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She Performs Fellatio on Blacked Out Male - He's Expelled
Amherst Sued Over Rape Rules Allegedly Stacked Against Male Students
Two years later, she finally filed a complaint at the urging of her new female campus victims-rights friends. Under Amherst's sexual assault adjudication procedures which focus on “empowering victims” rather than providing due process to the accused, and include a “yes means yes” standard of consent, he was found guilty of raping her, and he was expelled.
Although a campus panel did rule that he was likely “blacked out” during the incident, it nevertheless concluded that “eing intoxicated or impaired by drugs or alcohol is never an excuse.”
Now the college is being sued based upon text messages the female "victim" sent immediately after the incident showing that she, not he, was the guilty party. More specifically, she wrote: "It’s pretty obvi I wasn’t an innocent bystander," and "Oh my God I just did something stupid."
These two messages were sent just before she invited still another male student back to her place for sex the same night.
This is the type of Kafkaesque result which was predicted by public interest law professor John Banzhaf when colleges began adopting "yes means yes" and other policies which seemingly stack the deck against males accused of date rape.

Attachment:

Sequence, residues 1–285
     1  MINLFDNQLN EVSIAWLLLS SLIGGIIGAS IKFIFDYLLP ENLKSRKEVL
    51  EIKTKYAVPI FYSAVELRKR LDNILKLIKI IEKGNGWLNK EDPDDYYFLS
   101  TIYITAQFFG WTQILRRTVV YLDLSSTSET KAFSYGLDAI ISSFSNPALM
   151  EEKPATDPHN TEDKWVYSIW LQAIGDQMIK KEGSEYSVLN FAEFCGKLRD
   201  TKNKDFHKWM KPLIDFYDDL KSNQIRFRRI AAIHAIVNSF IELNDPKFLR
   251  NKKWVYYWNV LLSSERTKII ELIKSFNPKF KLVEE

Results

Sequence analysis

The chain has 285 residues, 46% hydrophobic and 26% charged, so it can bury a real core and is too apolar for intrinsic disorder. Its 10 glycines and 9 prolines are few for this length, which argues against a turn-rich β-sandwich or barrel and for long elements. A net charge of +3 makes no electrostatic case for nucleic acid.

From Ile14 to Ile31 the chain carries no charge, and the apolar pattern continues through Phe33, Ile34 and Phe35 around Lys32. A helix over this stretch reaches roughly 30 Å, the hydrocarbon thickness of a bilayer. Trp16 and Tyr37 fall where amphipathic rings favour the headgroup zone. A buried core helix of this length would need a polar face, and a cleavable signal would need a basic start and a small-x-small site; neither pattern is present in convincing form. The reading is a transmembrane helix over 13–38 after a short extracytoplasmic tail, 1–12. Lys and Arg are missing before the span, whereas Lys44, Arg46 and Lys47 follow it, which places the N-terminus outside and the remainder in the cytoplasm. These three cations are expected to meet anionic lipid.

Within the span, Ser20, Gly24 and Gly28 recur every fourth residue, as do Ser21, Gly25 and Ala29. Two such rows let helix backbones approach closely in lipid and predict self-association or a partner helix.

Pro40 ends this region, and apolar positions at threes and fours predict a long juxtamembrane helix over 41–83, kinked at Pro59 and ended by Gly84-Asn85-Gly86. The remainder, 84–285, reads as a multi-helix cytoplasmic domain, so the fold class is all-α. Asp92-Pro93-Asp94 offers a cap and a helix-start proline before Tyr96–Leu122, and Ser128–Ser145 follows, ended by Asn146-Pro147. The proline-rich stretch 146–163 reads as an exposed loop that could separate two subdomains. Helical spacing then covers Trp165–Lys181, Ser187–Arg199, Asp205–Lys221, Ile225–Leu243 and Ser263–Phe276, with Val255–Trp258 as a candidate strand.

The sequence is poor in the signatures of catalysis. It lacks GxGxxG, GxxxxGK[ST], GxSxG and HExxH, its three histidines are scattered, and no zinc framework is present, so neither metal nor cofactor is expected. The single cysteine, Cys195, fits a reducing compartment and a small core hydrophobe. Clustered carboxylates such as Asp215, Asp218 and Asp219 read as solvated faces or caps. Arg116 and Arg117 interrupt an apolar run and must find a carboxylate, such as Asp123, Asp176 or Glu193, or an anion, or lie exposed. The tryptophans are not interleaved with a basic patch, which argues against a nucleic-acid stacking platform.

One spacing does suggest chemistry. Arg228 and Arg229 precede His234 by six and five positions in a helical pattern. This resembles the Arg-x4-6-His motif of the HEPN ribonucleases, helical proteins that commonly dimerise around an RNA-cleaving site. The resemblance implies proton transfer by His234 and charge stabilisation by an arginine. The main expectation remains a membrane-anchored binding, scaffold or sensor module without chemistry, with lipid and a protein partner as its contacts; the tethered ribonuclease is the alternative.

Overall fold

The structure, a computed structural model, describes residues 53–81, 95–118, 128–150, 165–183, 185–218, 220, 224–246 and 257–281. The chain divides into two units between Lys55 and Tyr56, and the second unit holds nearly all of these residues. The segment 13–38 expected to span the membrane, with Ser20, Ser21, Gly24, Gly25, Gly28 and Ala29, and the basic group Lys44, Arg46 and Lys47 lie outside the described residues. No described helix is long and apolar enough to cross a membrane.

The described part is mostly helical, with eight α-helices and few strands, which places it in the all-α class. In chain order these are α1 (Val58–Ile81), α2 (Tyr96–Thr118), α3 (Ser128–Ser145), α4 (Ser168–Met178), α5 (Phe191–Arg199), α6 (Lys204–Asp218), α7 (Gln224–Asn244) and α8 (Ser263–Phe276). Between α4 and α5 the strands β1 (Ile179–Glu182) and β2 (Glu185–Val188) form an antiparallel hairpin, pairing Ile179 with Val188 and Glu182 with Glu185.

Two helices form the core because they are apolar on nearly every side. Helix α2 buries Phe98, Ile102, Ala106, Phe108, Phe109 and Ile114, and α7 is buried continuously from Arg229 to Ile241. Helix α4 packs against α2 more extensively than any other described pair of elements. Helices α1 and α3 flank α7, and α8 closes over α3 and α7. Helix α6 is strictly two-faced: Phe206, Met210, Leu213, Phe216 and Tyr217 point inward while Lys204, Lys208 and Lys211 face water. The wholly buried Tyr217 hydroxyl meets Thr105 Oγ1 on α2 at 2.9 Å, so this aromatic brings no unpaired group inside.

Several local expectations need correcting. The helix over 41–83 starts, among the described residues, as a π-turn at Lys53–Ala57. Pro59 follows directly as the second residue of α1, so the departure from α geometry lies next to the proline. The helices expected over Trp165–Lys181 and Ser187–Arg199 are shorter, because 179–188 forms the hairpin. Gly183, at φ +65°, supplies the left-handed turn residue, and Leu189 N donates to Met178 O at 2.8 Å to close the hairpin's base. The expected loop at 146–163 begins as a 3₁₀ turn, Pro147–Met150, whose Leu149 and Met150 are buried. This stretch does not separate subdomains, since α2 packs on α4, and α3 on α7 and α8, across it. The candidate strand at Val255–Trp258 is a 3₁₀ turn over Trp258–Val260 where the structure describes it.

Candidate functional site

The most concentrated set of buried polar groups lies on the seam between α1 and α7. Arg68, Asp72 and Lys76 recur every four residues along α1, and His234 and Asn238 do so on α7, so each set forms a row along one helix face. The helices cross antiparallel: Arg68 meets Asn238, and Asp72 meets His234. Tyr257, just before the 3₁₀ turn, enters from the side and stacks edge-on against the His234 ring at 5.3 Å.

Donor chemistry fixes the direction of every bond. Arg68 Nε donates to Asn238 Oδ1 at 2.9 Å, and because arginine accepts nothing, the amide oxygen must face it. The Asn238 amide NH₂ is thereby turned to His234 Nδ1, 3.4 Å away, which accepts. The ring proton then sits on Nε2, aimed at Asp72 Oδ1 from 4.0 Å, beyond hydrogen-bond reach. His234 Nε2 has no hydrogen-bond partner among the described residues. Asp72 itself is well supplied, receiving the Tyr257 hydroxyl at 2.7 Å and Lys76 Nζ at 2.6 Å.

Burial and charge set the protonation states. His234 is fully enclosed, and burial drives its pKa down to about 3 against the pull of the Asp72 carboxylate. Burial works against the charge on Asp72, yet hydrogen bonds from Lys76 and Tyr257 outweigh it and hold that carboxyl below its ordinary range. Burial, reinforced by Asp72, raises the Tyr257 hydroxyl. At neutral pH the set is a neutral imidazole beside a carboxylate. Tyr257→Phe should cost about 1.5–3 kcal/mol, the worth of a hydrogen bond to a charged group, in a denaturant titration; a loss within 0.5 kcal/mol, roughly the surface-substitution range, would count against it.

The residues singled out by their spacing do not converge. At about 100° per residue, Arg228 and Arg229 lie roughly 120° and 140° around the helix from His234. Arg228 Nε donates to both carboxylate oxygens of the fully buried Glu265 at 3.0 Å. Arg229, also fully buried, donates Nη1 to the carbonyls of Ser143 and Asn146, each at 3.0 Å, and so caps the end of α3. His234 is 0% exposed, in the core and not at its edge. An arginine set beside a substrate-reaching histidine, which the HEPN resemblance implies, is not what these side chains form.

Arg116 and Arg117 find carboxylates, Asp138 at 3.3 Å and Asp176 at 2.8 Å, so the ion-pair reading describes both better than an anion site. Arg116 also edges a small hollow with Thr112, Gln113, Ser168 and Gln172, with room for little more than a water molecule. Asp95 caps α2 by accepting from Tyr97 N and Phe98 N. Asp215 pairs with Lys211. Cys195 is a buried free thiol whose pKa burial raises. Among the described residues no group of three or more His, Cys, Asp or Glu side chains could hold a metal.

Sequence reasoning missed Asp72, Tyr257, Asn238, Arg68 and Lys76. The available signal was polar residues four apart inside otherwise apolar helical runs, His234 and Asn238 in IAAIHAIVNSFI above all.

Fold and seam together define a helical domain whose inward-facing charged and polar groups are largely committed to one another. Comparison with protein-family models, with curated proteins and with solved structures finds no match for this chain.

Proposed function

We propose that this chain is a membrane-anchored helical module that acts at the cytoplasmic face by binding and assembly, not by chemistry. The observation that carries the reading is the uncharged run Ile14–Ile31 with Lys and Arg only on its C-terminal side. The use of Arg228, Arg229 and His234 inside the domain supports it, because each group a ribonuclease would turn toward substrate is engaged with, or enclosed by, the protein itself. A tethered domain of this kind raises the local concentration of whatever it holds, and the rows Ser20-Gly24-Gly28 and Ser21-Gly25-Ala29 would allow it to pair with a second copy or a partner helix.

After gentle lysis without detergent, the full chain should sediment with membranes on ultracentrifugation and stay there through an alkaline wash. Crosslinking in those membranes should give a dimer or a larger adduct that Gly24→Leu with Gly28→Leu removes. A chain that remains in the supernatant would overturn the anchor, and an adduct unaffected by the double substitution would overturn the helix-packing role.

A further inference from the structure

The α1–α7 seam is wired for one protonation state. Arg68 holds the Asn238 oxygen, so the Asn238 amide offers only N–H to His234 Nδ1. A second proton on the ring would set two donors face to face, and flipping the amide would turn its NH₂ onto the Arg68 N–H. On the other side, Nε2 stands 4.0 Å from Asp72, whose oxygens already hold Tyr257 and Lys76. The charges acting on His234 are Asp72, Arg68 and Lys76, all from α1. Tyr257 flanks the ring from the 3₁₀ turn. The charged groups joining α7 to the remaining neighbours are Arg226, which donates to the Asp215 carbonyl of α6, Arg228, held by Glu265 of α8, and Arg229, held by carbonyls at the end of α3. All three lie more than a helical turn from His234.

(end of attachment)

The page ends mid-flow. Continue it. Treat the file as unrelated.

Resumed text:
This policy, which requires some kind of affirmative consent for each and every new step in the love-making process, and also places the burden on the male to determine (even if his own judgment is equally impaired by alcohol) if the female's consent is invalidated by her own intoxication, is bound to lead to some bizarre and grossly unfair results, as it apparently has in this situation, says Banzhaf.
Indeed, almost a year ago, he predicted something equally bizarre. As U.S. News then then reported:
"George Washington University law professor John Banzhaf, however, says the imprecise definition of ‘affirmative consent’ means couples who do not specifically discuss consent may be guilty of sexually assaulting each other, and that under the law a female student could be charged with sexual assault if she offers oral sex and her inebriated partner accepts."
“'This may seem bizarre that a guy who is presumably laying back and having oral sex and one assumes enjoying it - or at least tolerating it - is not consenting simply by doing that, but under that definition if he didn’t say 'yes,' she’s a sexual violator,' he says."
More than a dozen male victims who have already been victims of this type of campus justice have sued, and sued successful, notes Banzhaf.
JOHN F. BANZHAF III, B.S.E.E., J.D., Sc.D.
Professor of Public Interest Law
George Washington University Law School,
FAMRI Dr. William Cahan Distinguished Professor,
Fellow, World Technology Network,
Founder, Action on Smoking and Health (ASH)
2000 H Street, NW
Washington, DC 20052, USA
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